Language, Gender, and Patriarchy

Hillary Smith

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At the Power and Privilege Symposium a few weeks ago, I attended a workshop on patriarchy and gendered language. It made me realize how casually people, including myself, use language that perpetuates a patriarchal system. We don’t even realize we are doing this because these concepts are so ingrained in our words and our speech. We don’t think about what we’re actually saying.

Take the phrase “you guys,” for example. That is a perfectly harmless phrase, right? It’s a casual form of acknowledgment among both females and males. But wait; if it’s a form of acknowledgment among both females and males, why does it only address males? Why isn’t it “you girls?” Well, think about how grossly wrong it would feel if someone came up to a group of both males and females and said, “Hey girls.” That would feel extremely weird, right? That is precisely the point. The fact that a masculine phrase represents both genders but a feminine phrase can only speak for females proves how deeply embedded the patriarchal system is in our speech and our psyche.

Then we come to the expression “Oh man!” Why does it have to be “man”? Why can’t it be “Oh woman”? Because that would sound very strange. Which is precisely the reason we need to start saying it.

What about the more profane language? I’ll focus on “bitch.” This word epitomizes the different standards men and women are held up to. To call a woman a bitch implies that she is aggressive, overbearing, unlikeable, and severe. But to call a man a bitch, or to say that he is someone else’s bitch, implies that he is weak and subservient. Thus, our use of this word is immensely problematic because it means the opposite for each gender. It perpetuates the concept that women should not be aggressive and men should not be weak. Men should be the aggressive, dominant ones. Women should be subservient. When a woman is in her subservient role, she is deemed “sweet,” not “weak.” When a man is in his dominant role, he is deemed “confident,” not “aggressive.”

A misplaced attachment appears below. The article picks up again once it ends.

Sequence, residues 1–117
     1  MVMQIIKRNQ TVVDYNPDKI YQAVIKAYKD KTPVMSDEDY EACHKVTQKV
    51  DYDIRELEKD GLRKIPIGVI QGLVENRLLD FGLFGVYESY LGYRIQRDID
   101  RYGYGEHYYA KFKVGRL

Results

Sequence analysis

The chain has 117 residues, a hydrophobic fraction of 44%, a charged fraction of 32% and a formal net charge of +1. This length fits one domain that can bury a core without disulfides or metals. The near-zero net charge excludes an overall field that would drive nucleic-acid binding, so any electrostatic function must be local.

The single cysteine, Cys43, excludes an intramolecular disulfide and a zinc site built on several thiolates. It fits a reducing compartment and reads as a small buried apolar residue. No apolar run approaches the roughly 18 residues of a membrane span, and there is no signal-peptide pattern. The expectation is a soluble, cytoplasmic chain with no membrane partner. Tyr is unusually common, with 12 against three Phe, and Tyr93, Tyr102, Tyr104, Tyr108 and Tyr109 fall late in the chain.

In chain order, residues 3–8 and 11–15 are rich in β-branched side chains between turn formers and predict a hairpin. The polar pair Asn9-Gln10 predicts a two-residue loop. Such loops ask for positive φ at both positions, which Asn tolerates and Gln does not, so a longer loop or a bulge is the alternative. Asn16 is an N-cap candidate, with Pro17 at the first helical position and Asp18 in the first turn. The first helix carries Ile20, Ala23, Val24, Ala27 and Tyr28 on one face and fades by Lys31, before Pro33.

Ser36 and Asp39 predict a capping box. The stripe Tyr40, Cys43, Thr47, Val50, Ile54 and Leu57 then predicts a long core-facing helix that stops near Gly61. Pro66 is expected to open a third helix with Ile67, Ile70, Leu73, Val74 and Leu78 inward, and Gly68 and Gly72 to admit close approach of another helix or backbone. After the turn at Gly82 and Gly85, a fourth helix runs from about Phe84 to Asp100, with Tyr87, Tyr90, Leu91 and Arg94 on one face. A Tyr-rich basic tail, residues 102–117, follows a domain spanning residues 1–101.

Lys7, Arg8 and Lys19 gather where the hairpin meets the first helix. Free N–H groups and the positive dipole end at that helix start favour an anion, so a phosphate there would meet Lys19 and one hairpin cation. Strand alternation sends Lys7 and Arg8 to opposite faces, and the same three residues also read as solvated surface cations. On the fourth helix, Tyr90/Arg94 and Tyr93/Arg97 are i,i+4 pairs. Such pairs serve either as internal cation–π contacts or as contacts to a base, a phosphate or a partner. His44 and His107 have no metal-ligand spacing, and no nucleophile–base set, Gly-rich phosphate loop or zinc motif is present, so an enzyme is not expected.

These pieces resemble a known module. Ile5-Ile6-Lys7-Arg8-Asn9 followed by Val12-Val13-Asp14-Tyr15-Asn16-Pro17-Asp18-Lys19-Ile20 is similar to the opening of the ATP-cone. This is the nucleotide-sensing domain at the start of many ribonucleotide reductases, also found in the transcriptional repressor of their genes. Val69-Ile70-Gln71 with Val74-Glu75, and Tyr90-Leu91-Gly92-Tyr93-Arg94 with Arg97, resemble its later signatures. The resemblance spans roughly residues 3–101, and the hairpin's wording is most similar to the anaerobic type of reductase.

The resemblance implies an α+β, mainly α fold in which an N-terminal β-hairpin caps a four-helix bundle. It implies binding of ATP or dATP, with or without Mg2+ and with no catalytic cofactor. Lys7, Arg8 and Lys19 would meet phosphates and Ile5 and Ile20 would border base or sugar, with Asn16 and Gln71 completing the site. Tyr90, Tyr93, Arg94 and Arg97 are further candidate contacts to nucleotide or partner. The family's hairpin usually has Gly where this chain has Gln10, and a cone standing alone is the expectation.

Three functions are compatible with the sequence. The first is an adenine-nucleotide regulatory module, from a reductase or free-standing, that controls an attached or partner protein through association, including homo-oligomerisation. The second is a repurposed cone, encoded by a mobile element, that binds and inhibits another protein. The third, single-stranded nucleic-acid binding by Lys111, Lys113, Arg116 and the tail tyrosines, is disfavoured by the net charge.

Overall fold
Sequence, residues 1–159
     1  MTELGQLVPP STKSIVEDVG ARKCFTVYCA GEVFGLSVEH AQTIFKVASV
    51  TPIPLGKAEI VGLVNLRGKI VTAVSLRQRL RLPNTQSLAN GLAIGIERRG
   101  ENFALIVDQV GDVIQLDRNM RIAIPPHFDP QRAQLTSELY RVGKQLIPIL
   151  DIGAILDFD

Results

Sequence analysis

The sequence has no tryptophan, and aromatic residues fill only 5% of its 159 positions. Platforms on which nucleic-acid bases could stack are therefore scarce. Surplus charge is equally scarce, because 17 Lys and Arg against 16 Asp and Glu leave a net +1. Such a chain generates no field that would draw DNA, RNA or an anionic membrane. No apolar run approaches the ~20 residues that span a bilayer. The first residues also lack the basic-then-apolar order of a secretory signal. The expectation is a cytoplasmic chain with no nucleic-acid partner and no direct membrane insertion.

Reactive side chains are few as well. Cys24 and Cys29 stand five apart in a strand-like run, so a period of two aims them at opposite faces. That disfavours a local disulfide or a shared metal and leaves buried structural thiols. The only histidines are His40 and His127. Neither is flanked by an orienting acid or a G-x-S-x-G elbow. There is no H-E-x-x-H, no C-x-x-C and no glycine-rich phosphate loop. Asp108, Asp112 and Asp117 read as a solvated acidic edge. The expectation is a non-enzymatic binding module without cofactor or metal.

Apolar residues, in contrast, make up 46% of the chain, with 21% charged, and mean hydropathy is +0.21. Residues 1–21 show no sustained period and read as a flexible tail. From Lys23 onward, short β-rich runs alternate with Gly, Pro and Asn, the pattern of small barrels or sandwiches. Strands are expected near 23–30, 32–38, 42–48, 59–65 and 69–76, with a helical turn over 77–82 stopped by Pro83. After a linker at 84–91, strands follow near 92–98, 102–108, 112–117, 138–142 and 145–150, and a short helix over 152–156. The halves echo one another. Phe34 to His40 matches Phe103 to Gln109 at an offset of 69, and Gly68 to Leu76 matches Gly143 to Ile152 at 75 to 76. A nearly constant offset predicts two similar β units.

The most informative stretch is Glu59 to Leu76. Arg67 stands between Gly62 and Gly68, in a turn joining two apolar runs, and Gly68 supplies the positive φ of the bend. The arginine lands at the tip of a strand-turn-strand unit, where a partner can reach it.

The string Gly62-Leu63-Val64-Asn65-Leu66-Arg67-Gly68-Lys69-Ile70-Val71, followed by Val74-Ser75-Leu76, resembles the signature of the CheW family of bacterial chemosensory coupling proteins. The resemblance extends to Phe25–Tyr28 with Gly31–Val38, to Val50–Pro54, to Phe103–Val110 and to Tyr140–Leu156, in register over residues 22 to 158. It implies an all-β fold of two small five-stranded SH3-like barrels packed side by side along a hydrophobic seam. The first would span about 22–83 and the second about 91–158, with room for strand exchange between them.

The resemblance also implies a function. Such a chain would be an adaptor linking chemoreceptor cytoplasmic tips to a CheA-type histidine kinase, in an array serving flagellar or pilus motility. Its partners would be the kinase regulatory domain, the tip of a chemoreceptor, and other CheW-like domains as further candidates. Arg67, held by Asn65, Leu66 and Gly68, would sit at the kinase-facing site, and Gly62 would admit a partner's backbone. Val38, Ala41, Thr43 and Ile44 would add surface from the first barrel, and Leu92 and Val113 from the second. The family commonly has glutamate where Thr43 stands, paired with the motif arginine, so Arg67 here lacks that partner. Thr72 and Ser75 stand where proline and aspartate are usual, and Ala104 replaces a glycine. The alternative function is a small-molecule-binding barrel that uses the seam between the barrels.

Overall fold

When considered in this light, our everyday language is actually quite disturbing. What is even more fascinating is how the patriarchal dynamic plays out in other languages. In my French class, we discussed how each word has a gender, and how the masculine article is used when addressing a group of both males and females. Some words, including many that represent professions, do not even have a feminine form. In French, masculine is considered the neutral form. But this still implies that women are somehow special. Feminine cannot possibly be the neutral form!

At the workshop, we discussed how we can begin to change our speech. One suggestion was to use the phrase “you all” instead of “you guys.” I’ll admit, this has been difficult for me. I have become so used to these phrases myself that to use new phrases almost feels like trying to speak a different language altogether. But the point of the workshop was to show that we need to start trying. We need to make this effort, because language has more of an impact on us than we realize.

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